The last time he saw Magister Ludi he was standing at the Powell Street Bart station near the cable car turn-around handing out photo copies of a poem about the coming galactic cataclysm, the end of life as we have known it—an event triggered by an unforeseen, unstoppable extra-terrestrial anomaly.
The poem was one continuous stream of thoughts that spiraled out to the edges of the page and then on to the other side where it spiraled inward until the words disappeared into its center.
Ed Marker knew that he would never see his friend again; that the portal was closing, and that there was truly nothing that he could do to change things. His chess partner was unreachable and between worlds now.
Magister Ludi had been the only person, since the death of his friend James, who understood the curious mechanics of the Tenderloin as Ed Marker did. And now, he too felt frail and fearful. He feared that this knowledge would be lost. He feared the future. He tried to dismiss this feeling, block it out, trying to erase it by focusing on his unfinished project but the thought of the empty boxes that awaited him at home only made things worse. He felt more and more like a stranger walking the streets of a city that he had charted so intimately over the years. These very streets were now becoming unfamiliar.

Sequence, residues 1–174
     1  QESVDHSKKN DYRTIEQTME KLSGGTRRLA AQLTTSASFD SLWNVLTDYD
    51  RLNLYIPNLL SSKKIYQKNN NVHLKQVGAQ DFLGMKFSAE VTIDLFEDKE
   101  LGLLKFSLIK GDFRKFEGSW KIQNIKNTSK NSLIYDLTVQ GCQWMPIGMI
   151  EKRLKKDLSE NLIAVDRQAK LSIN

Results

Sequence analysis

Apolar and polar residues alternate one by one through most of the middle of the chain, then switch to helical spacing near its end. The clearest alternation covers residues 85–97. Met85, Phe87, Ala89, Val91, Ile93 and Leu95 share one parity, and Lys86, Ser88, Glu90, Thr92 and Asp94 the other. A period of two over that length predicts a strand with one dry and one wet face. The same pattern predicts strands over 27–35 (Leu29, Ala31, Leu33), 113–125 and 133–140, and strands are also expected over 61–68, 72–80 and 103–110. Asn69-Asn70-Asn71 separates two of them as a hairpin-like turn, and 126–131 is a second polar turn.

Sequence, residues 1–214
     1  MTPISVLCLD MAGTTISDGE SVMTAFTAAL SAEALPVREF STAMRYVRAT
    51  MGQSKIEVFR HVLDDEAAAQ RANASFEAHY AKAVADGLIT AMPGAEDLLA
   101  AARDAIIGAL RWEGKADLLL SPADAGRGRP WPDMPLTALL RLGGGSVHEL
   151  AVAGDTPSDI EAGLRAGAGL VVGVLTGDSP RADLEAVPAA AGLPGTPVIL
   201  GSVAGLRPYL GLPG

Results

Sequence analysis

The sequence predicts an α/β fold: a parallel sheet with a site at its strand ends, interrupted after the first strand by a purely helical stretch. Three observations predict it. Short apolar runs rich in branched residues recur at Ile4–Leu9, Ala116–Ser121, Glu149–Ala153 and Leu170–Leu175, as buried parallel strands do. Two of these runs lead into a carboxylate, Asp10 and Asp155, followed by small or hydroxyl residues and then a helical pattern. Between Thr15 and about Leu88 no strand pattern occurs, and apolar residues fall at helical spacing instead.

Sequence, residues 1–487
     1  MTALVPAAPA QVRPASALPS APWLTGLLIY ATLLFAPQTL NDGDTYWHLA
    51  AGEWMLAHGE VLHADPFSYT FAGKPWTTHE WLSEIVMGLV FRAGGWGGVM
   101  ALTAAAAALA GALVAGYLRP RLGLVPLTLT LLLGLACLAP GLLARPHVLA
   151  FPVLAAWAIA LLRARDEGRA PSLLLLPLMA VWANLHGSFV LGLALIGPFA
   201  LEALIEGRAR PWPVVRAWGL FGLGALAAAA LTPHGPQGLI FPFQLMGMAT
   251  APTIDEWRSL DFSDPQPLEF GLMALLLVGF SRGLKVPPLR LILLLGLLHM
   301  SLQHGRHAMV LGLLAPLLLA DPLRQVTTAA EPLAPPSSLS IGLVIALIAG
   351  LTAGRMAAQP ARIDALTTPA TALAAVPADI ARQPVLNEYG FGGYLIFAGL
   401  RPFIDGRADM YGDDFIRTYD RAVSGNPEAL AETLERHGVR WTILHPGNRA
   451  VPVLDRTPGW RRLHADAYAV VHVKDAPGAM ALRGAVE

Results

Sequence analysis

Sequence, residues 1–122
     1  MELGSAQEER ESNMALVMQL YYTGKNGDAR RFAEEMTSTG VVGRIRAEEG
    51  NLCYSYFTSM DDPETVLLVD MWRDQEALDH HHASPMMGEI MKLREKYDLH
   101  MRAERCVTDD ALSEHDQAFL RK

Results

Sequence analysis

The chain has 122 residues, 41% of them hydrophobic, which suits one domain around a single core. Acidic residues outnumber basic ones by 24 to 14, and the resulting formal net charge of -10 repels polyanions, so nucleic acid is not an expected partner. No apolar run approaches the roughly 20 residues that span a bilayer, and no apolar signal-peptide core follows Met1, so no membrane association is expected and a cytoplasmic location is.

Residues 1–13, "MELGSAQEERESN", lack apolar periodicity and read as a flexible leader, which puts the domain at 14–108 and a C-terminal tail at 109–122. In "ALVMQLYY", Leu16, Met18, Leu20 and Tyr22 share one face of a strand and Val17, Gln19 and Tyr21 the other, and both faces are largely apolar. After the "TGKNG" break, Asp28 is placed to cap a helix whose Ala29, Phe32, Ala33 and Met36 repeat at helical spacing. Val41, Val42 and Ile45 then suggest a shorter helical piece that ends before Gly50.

Walking up Eddy Street he felt the dizziness of time as his own portal to this place was closing in on him. He tried to remind himself that he might be nearing a collapsing star or actually entering a wormhole and to not be afraid. This was all in the notebooks, all foreshadowed in the data, part of the forces of cosmic change that he had been recording for all of these years—part of the expansion of the universe. He continued to walk the busy streets back to his apartment, avoiding the chessboards and any other hazardous warps in space-time.
He would eventually put the poem in an envelope, with “Magister Ludi” written on its front, inside his old copy of Herman Hesse’s Siddhartha, next to a letter addressed to his friend James; and place the book in the box marked 1968.
He hoped that Magister Ludi would have a better incarnation the next time around.